Josh and Hazel's Guide to Not Dating

Page 17

“I saw Adam flexing in the windows outside the car. Call it a hunch.”

“Hazel, a normal cruise is bad enough. You really want an all-you-can-eat buffet on a budget cruise?”

“It’s free.”

“Diarrhea is never free.”

She drops back in her chair and I know I’m going to regret this.

“Fine,” I say. “But you owe me. Next time we do this, I pick what we do.”

She immediately perks up. “Next time?”

I quickly clarify. God, it’s been two seconds and she already looks smug. “If we do this again. Look, I can admit it’s been good to get out of the house. I was spending too much time at home and—”



“Playing with yourself because nobody else wants to?”

I give her a warning look. “It’s possible you were right—about the wallowing.”

“Possibly,” she says with a small smile.

“Plus—and I can’t believe I’m saying this—I just really like to win.”

“I knew it! I knew you were as competitive as me.” She points to my stomach. “I mean, a person doesn’t get abs like that without a lot of drive—”

“Everything okay?” Adam asks.

“Of course!” Hazel leans closer, reaching for his arm and lowering her voice, but I can still hear her. We can all still hear her. “Hey, would it be okay if I was on Josh’s team? He’s not very good at this kind of thing and I don’t want him to feel bad. Shaky confidence, you know.”

“I’m right here,” I deadpan.

“Of course,” Cali volunteers with a sympathetic nod. “Adam and I can team up!”

With that settled, a grinning Hazel hands out the cards. By the time I get mine, she’s already written our team name across the top: Stephen Hawking’s School of Religion.

The first round is pop culture, and at the opening question—The character Jar Jar Binks first appeared in which Star Wars movie?—she immediately scribbles down the correct answer.

The questions fly out, and by round five, we’ve somehow managed to get all of them right.

“Wow,” Cali says, looking across the table to our total, and then frowning down at their own. “Who knew you guys were so smart? Guess poor Josh didn’t need that much help after all …”

“What can I say, I’m an encyclopedia of useless information.” Hazel gives her an innocent shrug before quickly pointing to the stage. “Oh look, Dick is back.”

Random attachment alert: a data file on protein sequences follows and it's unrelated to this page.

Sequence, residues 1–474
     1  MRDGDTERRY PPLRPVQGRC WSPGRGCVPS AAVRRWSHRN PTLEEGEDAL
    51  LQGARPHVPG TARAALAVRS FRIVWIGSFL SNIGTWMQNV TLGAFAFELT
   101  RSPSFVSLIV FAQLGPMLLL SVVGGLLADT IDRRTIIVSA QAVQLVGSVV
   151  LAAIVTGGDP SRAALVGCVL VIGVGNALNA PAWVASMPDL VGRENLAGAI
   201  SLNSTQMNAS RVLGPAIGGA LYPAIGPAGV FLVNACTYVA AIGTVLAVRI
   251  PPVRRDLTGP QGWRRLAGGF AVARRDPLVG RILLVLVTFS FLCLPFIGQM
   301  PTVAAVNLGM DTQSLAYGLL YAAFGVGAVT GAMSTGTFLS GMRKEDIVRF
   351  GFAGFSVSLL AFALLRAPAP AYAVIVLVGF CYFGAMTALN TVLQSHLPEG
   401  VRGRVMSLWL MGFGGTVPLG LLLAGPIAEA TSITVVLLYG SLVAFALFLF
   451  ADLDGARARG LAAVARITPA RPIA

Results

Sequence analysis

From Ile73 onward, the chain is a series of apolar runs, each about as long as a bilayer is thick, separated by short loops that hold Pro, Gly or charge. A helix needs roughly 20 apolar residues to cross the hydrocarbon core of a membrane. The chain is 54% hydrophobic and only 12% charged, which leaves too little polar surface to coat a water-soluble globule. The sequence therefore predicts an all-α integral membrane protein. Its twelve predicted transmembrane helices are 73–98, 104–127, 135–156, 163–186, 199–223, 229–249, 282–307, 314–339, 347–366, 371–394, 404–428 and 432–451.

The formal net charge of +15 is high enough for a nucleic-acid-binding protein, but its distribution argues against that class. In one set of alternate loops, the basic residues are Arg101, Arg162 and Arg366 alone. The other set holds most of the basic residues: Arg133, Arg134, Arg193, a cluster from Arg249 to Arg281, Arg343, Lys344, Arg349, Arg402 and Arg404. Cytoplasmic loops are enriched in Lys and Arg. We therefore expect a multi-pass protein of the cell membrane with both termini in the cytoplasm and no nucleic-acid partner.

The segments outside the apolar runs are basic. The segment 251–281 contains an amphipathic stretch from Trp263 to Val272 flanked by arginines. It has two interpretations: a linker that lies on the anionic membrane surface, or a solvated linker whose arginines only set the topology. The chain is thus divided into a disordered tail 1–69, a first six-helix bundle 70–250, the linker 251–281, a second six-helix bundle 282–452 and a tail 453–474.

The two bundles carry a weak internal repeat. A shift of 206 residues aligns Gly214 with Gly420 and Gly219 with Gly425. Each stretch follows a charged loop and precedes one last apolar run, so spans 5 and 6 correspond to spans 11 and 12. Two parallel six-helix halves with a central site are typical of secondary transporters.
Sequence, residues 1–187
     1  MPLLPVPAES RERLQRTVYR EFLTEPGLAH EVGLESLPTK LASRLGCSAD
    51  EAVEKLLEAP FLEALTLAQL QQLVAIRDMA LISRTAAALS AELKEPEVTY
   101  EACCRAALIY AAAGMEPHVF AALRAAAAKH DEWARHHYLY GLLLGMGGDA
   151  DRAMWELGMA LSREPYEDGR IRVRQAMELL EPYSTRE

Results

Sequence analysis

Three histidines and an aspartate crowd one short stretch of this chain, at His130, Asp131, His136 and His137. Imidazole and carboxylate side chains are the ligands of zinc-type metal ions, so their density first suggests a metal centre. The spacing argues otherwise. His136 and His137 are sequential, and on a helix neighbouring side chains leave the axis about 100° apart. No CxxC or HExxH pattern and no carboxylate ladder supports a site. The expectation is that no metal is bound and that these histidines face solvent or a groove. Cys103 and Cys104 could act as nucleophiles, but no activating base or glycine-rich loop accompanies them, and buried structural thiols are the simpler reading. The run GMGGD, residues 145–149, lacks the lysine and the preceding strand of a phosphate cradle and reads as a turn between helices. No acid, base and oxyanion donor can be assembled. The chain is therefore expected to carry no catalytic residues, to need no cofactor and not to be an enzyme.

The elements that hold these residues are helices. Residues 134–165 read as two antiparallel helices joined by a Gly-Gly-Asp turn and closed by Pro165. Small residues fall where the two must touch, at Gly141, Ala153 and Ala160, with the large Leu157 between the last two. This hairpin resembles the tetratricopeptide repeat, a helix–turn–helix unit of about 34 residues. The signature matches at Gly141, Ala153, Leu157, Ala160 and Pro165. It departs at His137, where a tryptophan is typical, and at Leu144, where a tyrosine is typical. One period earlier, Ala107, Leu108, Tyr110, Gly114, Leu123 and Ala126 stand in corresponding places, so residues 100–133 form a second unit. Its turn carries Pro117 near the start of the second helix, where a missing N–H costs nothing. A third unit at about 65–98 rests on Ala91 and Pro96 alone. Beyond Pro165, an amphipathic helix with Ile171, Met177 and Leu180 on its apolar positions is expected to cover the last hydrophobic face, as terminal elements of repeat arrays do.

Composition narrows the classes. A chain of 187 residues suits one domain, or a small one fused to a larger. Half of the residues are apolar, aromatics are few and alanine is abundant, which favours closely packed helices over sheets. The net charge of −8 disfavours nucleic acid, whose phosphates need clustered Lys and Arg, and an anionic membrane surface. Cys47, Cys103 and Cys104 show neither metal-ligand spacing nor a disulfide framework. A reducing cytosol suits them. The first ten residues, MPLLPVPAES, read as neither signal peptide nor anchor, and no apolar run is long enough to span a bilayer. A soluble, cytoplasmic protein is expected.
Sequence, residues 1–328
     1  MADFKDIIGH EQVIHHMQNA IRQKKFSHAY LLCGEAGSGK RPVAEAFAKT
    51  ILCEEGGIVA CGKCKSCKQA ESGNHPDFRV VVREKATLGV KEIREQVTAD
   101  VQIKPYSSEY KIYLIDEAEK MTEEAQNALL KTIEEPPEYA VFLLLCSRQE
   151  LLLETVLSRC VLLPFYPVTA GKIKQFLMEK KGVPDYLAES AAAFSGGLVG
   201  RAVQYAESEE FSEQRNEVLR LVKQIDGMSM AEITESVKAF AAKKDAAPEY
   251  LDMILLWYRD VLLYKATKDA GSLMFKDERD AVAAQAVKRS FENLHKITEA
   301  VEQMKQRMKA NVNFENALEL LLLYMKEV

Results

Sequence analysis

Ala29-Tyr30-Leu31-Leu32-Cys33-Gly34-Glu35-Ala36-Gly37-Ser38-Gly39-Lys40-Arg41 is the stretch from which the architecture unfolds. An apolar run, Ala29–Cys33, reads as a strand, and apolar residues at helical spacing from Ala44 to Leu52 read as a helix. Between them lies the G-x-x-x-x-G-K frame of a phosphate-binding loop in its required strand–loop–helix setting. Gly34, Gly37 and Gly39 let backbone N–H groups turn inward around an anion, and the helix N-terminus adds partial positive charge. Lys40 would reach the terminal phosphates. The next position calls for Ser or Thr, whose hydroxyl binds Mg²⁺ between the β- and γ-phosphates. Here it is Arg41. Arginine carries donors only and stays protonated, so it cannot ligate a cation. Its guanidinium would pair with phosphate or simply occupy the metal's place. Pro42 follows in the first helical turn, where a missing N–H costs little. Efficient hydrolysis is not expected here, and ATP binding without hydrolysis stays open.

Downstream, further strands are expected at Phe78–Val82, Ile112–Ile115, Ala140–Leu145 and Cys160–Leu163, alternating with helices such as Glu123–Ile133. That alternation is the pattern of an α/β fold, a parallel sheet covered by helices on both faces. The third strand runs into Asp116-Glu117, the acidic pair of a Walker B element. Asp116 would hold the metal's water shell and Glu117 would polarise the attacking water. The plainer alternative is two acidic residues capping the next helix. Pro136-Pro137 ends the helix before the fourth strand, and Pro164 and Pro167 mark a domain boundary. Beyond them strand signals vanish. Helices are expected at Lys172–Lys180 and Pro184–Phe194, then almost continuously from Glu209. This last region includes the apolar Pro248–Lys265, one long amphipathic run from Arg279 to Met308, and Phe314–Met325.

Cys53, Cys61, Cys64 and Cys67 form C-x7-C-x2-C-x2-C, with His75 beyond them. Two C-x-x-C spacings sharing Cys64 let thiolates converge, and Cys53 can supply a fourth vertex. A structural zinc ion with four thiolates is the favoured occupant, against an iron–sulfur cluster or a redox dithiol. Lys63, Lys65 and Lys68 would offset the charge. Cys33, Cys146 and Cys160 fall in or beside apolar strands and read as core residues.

“Our next category—and judging by the number of Budweiser cans in the recycling bin, one a lot of you have been waiting for—sports!”

“Yes!” Adam slams a hand on the table, knocking over his beer just as Cali groans. “Fucking finally.”

“Now, this one’s a little tough,” Dick says, looking out over the room.

“Bring it!” Adam yells, full of confidence and beer.

“ESPN analyst Lee Corso played football in college. He attended Florida State in the midfifties and roomed with another player who would eventually go on to find further success on the silver screen. Who was Lee Corso’s soon-to-be-famous roomie?”

Adam looks absolutely stumped. Cali looks about two seconds away from walking out. I have zero idea who Onetime Football Player Turned ESPN College Football Analyst’s Eventually Famous Roommate could be, but when I glance at Hazel, her eyes are wide, glazed over with what I’m beginning to understand is recognition.

“I know this …” she mumbles.

“How could you possibly know that?” Cali asks. “You don’t even like sports.”

Leaning across the table again, Hazel pulls me close. “My dad loved Dolly Parton and any time she was on TV, he’d record it. He used to watch reruns of her show.”

I wait, confident she’s leading us somewhere useful. “Okay?”

“The answer is Burt Reynolds. I know it.”

I sit back in my chair. Burt Reynolds played halfback at Florida State University. She’s fucking right. Hazel Bradford is a genius.